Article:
China's Missile Shield Plans
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China's Missile Shield Plans

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China is developing a multi-dimensional programme aimed at improving its ability to limit or prevent the use of space-based assets by adversaries during a crisis, the Pentagon says in its latest report on the country’s military. Is this another step toward a ‘Star Wars’ missile defence shield?

Certainly according to South Korea’s Chosun Ilbo, it is. ‘China is developing a missile defence system in the highest layer of the atmosphere and outer space using high-end technologies like laser beams and kinetic energy intercept,’ the paper notes as it dissects the report, which has just been presented to the US Congress.
 
Entitled ‘Military and Security Developments Involving the People’s Republic of China 2011’, the report assesses China’s military progress over the past 12 months, including potential space-based applications. It notes that China conducted a national record 15 space launches last year, and also ‘expanded its space-based intelligence, surveillance, reconnaissance, navigation, meteorological, and communications satellite constellations.’
 

‘China launched nine new remote sensing satellites in 2010, which can perform both civil and military applications. In 2010, Beijing also launched two communications satellites (one military and one civil), a meteorological satellite, two experimental small satellites, and its second lunar mission during the year,’ the report adds.
 
China’s advances are giving it the capacity to jam common satellite communications bands and GPS receivers. Meanwhile, ‘China is improving its ability to track and identify satellites – a prerequisite for effective, precise counter-space operations,’ the report says.
 
The problem for US and other analysts is that as with much else about China’s military advances, it’s difficult to establish with certainty what China’s intentions really are.
 
According to Joan Johnson-Freese, a professor of national security affairs at the US Naval War College, there are several reasons for this, the most important being that a very high percentage of space technology – probably about 90 percent she estimates – is dual-use, meaning of value to both the civil and military communities. ‘And in the military realm it’s difficult or impossible to distinguish offensive from defensive intent,’ she says.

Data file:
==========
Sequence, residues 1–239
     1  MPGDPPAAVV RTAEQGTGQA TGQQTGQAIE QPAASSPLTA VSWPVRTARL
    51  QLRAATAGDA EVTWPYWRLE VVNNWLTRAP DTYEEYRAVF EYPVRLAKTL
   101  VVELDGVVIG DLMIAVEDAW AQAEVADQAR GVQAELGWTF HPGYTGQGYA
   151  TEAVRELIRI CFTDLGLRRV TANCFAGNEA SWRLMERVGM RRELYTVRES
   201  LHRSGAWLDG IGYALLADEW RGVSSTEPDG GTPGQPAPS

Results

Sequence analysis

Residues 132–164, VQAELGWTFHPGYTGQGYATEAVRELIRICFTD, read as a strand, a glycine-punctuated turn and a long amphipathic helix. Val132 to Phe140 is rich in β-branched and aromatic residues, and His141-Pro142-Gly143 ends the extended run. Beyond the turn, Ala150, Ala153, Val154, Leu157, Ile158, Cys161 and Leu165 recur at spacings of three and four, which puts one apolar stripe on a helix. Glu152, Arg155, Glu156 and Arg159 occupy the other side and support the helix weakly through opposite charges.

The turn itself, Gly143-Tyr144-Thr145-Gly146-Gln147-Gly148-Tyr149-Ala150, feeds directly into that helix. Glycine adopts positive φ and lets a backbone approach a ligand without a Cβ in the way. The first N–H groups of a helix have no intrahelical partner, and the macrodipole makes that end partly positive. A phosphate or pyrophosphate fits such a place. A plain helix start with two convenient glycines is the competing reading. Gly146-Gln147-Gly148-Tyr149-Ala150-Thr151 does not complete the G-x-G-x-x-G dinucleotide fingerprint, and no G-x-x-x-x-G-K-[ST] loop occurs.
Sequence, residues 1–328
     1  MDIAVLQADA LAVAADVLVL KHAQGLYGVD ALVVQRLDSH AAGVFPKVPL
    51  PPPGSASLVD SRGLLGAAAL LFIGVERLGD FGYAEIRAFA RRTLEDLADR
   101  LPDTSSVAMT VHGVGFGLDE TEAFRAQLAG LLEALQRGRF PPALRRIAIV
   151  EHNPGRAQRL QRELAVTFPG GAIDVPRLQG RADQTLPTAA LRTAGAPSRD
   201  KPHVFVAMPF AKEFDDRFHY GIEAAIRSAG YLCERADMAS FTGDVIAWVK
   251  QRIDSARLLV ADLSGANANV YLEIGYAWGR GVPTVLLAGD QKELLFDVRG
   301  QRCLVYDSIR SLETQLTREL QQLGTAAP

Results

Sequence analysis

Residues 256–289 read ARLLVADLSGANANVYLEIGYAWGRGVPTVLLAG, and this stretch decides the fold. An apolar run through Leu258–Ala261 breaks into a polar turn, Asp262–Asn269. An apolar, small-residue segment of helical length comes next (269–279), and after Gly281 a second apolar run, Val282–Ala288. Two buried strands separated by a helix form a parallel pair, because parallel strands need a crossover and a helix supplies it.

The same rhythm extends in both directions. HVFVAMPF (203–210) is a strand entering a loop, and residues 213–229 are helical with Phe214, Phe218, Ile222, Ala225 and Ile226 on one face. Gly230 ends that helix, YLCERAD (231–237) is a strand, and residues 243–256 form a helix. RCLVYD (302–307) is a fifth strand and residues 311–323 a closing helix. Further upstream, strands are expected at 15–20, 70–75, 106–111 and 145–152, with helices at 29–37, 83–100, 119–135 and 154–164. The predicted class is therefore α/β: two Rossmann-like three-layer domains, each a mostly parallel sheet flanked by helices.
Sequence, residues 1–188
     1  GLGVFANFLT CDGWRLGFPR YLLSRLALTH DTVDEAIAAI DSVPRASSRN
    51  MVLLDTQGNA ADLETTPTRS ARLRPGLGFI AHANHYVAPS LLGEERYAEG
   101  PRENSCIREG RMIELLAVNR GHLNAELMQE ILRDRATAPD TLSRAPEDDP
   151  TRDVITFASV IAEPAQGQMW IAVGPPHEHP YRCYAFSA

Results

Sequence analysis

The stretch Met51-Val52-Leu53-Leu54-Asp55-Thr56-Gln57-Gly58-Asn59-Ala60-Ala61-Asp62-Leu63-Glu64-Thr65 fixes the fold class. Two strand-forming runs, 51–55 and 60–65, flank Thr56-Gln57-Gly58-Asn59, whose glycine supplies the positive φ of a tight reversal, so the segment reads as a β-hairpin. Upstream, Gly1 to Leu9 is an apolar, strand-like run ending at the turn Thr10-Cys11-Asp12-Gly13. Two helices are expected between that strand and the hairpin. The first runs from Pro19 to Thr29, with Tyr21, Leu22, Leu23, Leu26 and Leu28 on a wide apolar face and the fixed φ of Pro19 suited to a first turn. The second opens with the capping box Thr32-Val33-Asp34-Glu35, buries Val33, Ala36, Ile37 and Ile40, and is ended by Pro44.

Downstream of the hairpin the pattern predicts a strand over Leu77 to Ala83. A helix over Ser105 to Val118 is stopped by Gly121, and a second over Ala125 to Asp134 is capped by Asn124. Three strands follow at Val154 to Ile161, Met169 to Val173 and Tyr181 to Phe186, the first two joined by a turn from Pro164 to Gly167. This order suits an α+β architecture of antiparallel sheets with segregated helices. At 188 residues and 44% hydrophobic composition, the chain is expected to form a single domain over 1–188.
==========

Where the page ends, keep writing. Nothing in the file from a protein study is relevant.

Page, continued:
‘Missile defense is a good example. While the United States considers its extensive missile defence system as defensive, many countries – including China – see it as giving the US a potentially significant offensive capability,’ she says. ‘Also, China is far more opaque about its intentions than the US would like – not atypical for either rising powers or Asian cultures.’
 
An indirect result of Chinese secrecy was international condemnation of its decision in 2007 to conduct the ‘killing’ of a satellite. On January 11 of that year, China used a missile to destroy an aging Fengyun series weather satellite. The test was a success, but prompted an international outcry and concerns that it was further evidence that China had taken another step toward the militarization of space.
 
But Johnson-Freese says China noted that the United States, which used its own missile defence technology in 2008 in Operation Burnt Frost to destroy a malfunctioning National Reconnaissance Office satellite, didn’t come in for such criticism. ‘So in 2010, the Chinese again tested technology with the potential for use as an ASAT, but this time called it a missile defence test and didn’t receive the same kind of international rebuke,’ she says. ‘Did they learn anything subsequent to their 2007 test? Yes, they learned how to avoid criticism by taking advantage of the dual-use nature of space technology.’
 
So, should the US military and its allies be concerned by China’s advances? ‘Other countries, and not just China, worried very much about US “intentions” in space during the years of US rhetoric about “space dominance” during the Bush Administration,’ she says. ‘That rhetoric has largely changed now, but the technology remains critical to the US military, and the United States has more of that technology than any other country. That gives us an advantage in the operations, but also makes it imperative that the US maintains that edge.’
 
Regardless of China’s advances, Navy War College professor and frequent The Diplomat contributor Andrew Erickson argues in an interview with Flashpoints blogger David Axe that it’s not in China’s interests to even try to compete with the United States.
 
‘Space is expensive to enter, hard to sustain assets in, contains no defensive ground, and – barring energy-intensive maneuvering  – forces assets into predictable orbits,’ Erickson notes. ‘Some of the most debilitating asymmetric tactics could be employed against space and cyberspace targets.’
 
According to Axe, this essentially means that spacecraft are highly vulnerable to physical and electronic attack, and so are their control stations. To avoid these ‘asymmetric’ assaults at which China has proved particularly skilled, Axe quotes Erickson as saying that the Pentagon should take its current space-based equipment and move it downward to the atmosphere as the air is more secure than space.
 
As Axe notes, though, Erickson’s is a relatively lonely voice in urging the Pentagon to embrace what would be an orbital retreat.
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